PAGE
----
Metabolic Syndrome

Metabolic Syndrome (Syndrome X) was identified less than 20 years ago, but it is becoming increasingly common. It tends to run in families, and the risk of it increases with age. People with Metabolic Syndrome are overweight or obese. The condition predisposes to cardiovascular diseases and Type 2 diabetes. It also puts one at risk of certain cancers, liver disease and Alzheimer’s.

But what is it? Metabolic Syndrome is a cluster of metabolic disorders, which include insulin resistance, high blood pressure, an increased risk of blood clotting, an elevated blood sugar level, a low blood HDL (good) cholesterol level, a high blood triglyceride (fat) level and excess abdominal fat. In fact, any three of these clinches the diagnosis.

The causes of Metabolic Syndrome are complex, but poor lifestyle choices play a major role. These include eating too much sugar and other refined carbohydrates, not exercising, not getting sufficient sleep and high levels of stress. However, of all the influencing factors, poor food choices in the form of sugar and refined carbohydrate contribute between 80% and 90% of the total effect.

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How do these food choices lead to metabolic syndrome? There are several ways. The first and most obvious is that excess intake of sugar and refined carbohydrate is stored as fat, and people with metabolic syndrome are all overweight or obese.

Another mechanism is due to fructose, and sugar – or sucrose – is 50% fructose. It may surprise you to learn that fructose is not good for you. Leptin, a hormone that regulates appetite, plays a key role in energy regulation. It is produced in our fatty tissues in direct proportion to the amount of stored fat, and it acts on receptors in the brain to inhibit appetite, which makes perfect sense. But it is now clear that the consumption of large amounts of fructose causes leptin resistance. The result is that an ever increasing accumulation of fat does not curb our appetite.

We also know that fructose, when consumed in excess, increases blood fat levels – triglycerides, total blood cholesterol and LDL (bad) cholesterol. It also increases the prevalence of type 2 diabetes, high blood pressure, abnormal blood clotting and heart disease. But, wait a moment – aren’t these the things that constitute metabolic syndrome? You’ve got it!

Let’s now take a look at obesity, which is a major factor in the development of Metabolic Syndrome. Obesity is a modern problem – statistics for it did not even exist 50 years ago. It is defined as a Body Mass Index (BMI) above 30. Your BMI is your weight in kilograms, divided by your height in metres, divided again by your height in metres. A healthy BMI lies between 18.5 and 24.9. If your BMI is between 25 and 30, you are overweight. If it is over 30, you are obese. So, if your weight is 80kg and your height is 1.60m, then your BMI is 80 / 1.6 / 1.6. This equals 31.25, which means that you are obese.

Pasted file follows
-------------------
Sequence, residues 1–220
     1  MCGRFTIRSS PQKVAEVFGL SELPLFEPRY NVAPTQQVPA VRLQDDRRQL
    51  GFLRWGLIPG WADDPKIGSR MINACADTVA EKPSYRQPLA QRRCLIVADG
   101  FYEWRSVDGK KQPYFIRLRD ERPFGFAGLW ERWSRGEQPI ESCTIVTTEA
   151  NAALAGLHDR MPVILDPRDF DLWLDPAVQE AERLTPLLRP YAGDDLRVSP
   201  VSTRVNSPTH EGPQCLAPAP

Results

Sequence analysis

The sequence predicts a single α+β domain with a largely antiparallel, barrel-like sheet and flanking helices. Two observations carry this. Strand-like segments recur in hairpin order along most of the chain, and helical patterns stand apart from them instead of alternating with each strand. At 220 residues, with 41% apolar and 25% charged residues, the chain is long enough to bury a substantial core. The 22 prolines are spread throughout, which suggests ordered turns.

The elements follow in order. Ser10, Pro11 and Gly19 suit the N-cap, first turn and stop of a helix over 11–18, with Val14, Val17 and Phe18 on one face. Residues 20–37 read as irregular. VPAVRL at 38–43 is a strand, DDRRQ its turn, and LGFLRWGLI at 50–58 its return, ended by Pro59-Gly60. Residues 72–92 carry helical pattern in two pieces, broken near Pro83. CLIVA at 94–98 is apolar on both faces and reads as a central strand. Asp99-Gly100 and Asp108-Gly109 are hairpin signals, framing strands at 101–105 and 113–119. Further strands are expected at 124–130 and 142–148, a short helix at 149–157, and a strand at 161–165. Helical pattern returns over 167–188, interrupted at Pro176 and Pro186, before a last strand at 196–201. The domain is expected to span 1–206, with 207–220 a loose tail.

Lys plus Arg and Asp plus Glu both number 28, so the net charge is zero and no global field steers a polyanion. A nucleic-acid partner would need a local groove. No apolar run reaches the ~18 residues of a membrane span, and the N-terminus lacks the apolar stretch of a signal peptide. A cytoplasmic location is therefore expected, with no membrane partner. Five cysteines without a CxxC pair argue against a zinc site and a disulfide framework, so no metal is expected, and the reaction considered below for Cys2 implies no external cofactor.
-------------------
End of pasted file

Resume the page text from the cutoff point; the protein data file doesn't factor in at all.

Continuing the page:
Now for some scary statistics. The prevalence of obesity has doubled worldwide in the past 25 years. World Health Organisation (WHO) figures for 2005 show that 1.6 billion adults were overweight and 400 million were obese. WHO predicts there will be 2.3 billion overweight adults in the world by 2015 and more than 700 million of them will be obese.

In the UK, the proportion of adults with a healthy BMI (18.5- 24.9) had fallen to just 34% in men and 39% in women by 2011. There had been a marked increase in obesity rates over the previous 18 years – in 1993, 13% of men and 16% of women were obese. By 2011, this had risen to 24% for men and 26% for women. For children attending reception classes (aged 4-5 years) during 2011-12, 9.5% were obese.

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In 2011, there were 11,736 hospital admissions for obesity – 11 times more than in 2001. That same year, 53% of obese men and 44% of obese women were found to have high blood pressure.

There has also been a worldwide explosion in the prevalence of Type 2 diabetes. This disease occurs in the presence of sufficient insulin, but where insulin receptors have become less sensitive. This insulin resistance is the common factor in metabolic syndrome. Type 2 diabetes already afflicts four million people in the UK. Its prevalence is expected to rise to six million by 2020, when its ‘management’ will account for twenty five percent of the total health budget.

Let us take a look at how metabolic syndrome presents, progresses and is typically managed by the medical profession. It begins with weight gain, which used to be common in middle age, but is now common even in children. Weight gain has only one cause – an imbalance between our energy consumption and our energy expenditure. Obese people need to eat less and exercise more. Unfortunately, many consider it offensive to mention a person’s weight or to dictate what they should or should not eat. The doctor suggests adherence to the mythical balanced diet, but does not believe that the patient will comply.

At this stage, because the patient argues that it is probably all due to genes or glands, the doctor decides to check thyroid status. Finding that the level is borderline, he prescribes thyroid hormone in the vain hope that increasing the metabolic rate may reduce the excess weight. This fails, the weight increases and the patient develops high blood pressure and diabetes. The high blood pressure is treated with medication which often makes the diabetes worse. The diabetes cannot be effectively treated without serious attention to diet and weight loss. If the patient complies, the problem is often solved, but some drug help may still be needed. If the patient does not comply, the medication cannot work, but it is prescribed anyway.